Software projects, no matter how carefully conceptualized, almost always encounter a number of changes, modifications, enhancements, and even fixes that make it difficult to accurately predict budget and commercial viability. The cause of this unpredictability is usually related to failure in one of three areas: setting expectations, drawing up thorough plans, and properly managing the project. Unlike commodities like a gallon of gas or milk, the ending cost of a software development project is often based on a conceptual understanding of the goal, not a step-by-step plan with strict mutual commitment and even stricter execution. And when this understanding is out of alignment between client and vendor, that’s when we start to see scope creep. This refers to uncontrolled expansion of the scope of work through the addition of new, non-forecasted features or complications. It may seem like you need to accomplish "just a few more items to get there," but the finish line keeps getting farther away as new items arise once the previous ones are finished, and suddenly the budget, timeline, and workflow are out of control. While scope change — planned for, agreed upon, and managed carefully by both parties — is completely normal, scope creep can cause significant problems for both businesses and their development partners.
So, how do we prevent scope creep? Best practices change slightly depending on the development model — waterfall or agile — but the principles are the same. While almost all software projects undergo numerous changes along the way, those changes can be managed and scope creep can be avoided if the stakeholders follow the framework as defined below.
While the main idea of any project may be about what to do, it’s equally important — and sometimes more so — to be clear on what not to do to avoid losing sight of the goal, as Steve Jobs reminds us:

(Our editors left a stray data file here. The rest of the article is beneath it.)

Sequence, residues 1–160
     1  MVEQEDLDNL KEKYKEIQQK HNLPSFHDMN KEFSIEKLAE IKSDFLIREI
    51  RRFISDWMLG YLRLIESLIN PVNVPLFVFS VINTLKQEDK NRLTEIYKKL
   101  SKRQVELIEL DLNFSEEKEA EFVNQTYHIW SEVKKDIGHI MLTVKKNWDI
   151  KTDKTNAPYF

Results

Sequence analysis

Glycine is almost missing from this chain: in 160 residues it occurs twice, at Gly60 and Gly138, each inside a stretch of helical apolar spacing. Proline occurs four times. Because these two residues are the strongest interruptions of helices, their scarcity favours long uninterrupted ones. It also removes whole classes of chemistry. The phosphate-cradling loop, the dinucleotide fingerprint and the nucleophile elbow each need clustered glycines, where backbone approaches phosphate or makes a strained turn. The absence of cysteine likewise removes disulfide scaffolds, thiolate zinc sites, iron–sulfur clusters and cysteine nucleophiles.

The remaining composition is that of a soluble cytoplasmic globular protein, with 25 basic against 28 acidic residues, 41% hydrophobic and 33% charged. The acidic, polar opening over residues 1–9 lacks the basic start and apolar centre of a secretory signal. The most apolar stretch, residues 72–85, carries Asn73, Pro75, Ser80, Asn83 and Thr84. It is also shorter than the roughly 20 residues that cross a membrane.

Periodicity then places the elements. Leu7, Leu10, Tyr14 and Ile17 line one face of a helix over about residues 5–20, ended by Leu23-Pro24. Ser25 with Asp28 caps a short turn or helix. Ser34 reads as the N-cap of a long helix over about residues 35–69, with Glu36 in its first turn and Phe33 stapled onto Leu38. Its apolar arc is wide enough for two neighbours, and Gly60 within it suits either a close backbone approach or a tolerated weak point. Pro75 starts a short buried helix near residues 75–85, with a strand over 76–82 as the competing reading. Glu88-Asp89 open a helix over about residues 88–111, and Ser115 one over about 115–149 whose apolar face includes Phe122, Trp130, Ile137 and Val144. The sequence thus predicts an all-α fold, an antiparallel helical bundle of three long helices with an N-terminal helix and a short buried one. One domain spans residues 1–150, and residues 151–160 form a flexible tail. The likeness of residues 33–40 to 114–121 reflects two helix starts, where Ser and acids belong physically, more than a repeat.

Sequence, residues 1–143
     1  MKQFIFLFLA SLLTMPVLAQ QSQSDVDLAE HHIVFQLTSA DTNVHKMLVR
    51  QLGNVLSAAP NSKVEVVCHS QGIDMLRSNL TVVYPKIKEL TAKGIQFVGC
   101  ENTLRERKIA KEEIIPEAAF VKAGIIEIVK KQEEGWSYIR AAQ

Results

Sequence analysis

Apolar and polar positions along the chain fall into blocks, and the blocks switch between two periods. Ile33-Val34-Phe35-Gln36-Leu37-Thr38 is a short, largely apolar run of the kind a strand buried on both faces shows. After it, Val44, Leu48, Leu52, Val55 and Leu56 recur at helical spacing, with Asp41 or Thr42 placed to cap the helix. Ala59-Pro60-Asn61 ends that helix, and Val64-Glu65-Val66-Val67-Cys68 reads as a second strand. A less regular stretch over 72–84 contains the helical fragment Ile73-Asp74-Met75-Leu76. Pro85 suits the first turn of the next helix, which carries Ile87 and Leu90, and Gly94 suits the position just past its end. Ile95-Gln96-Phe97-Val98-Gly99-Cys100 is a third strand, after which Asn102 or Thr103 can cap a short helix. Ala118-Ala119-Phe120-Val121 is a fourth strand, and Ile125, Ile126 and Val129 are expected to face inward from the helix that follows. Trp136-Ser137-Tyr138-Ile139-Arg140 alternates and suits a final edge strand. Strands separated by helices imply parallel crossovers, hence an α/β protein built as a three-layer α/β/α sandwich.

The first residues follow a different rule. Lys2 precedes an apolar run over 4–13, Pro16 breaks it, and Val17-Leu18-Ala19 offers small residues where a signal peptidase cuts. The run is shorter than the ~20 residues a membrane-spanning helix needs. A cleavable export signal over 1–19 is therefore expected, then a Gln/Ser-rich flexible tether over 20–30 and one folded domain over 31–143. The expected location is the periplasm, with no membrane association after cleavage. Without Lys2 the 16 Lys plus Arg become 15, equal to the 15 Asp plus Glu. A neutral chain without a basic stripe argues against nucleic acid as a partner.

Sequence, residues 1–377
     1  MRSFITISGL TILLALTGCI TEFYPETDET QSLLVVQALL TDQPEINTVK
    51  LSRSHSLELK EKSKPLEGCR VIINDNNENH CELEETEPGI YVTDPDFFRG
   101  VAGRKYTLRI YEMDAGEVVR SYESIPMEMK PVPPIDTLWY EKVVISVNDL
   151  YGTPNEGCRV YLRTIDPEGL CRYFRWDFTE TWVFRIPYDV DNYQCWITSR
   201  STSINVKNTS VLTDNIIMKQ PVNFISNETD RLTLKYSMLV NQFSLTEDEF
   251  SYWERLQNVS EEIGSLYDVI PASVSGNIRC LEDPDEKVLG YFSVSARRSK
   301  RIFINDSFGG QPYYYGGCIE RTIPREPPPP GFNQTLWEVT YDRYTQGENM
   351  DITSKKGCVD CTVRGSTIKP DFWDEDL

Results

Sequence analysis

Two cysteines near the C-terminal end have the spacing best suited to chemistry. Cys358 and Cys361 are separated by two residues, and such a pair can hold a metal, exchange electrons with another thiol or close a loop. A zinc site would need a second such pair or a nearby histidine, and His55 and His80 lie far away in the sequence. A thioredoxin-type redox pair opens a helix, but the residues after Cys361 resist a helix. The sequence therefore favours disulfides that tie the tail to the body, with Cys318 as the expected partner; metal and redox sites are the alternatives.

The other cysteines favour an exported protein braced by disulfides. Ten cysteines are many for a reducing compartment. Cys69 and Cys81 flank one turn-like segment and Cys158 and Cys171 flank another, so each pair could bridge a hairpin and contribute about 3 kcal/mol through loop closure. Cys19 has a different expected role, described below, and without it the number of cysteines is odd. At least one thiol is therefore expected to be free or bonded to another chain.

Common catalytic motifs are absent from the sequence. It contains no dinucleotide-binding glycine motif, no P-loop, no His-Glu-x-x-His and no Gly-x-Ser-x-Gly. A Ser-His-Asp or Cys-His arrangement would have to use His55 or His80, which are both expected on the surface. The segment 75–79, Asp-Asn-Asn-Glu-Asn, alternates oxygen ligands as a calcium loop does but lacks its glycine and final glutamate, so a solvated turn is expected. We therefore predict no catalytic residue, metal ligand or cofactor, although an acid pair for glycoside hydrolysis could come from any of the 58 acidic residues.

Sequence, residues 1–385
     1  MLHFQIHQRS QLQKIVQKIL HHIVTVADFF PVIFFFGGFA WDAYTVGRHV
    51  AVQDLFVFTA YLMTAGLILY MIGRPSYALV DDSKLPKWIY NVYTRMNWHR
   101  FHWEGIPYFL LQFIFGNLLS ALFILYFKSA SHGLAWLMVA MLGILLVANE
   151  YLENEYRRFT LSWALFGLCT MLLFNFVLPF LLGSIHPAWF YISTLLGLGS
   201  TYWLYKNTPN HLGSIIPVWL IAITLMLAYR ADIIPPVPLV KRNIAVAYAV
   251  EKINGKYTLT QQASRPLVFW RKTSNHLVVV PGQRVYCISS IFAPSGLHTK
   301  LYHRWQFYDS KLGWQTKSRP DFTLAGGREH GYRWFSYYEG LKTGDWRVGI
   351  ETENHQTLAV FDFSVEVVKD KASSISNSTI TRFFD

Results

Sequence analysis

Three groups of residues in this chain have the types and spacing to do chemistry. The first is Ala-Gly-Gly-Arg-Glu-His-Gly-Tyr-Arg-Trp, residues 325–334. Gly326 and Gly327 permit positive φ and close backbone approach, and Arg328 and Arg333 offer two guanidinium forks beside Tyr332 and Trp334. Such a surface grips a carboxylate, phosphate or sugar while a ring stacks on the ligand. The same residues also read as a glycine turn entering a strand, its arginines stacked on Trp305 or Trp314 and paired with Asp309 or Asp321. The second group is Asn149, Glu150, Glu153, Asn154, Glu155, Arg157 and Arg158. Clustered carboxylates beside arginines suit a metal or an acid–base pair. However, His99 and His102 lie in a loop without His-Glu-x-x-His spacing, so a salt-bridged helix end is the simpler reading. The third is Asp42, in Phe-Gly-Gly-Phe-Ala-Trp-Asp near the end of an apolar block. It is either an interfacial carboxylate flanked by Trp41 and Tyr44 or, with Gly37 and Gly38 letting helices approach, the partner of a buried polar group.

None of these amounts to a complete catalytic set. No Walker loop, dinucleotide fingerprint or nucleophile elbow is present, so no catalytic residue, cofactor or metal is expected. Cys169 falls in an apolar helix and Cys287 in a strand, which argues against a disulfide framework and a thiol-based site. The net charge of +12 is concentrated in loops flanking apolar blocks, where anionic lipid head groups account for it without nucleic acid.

"People think focus means saying yes to the thing you've got to focus on. But that's not what it means at all. It means saying no to the hundred other good ideas that there are. You have to pick carefully. I'm actually as proud of the things we haven't done as the things I have done. Innovation is saying ‘no’ to 1,000 things."
Steve Jobs, as quoted in Forbes by Carmine Gallo
The same article recounts an instance in which Nike CEO Mark Parker asked Steve Jobs for advice. "Well, just one thing," said Jobs. "Nike makes some of the best products in the world. Products that you lust after. But you also make a lot of crap. Just get rid of the crappy stuff and focus on the good stuff." Parker realized Jobs was absolutely right — Nike needed to edit.
And Jobs put his money where his mouth was. We all remember that the first iPhone did not have MMS capability when it was released. But it did offer a revolutionary Internet browser, which changed mobile browsing completely. What if Apple had tried to implement every feature and functionality right away, saying yes to every good idea? We might have had MMS right away, but would it have been good? Would we have sacrificed the outstanding browser? Without laser focus, Apple might have missed out on setting the new standard for smartphones that changed digital industry.
How do you know what to do and what not to do? It comes down to the proper planning, which consists of creating clear milestones based on project requirements, an overall work estimate, and general activities like quality assurance, business analysis, technical reviews, and user acceptance testing that should accompany every software project. For more on creating these milestones, we invite you to read our recent blog post on the Discovery Phase of software development.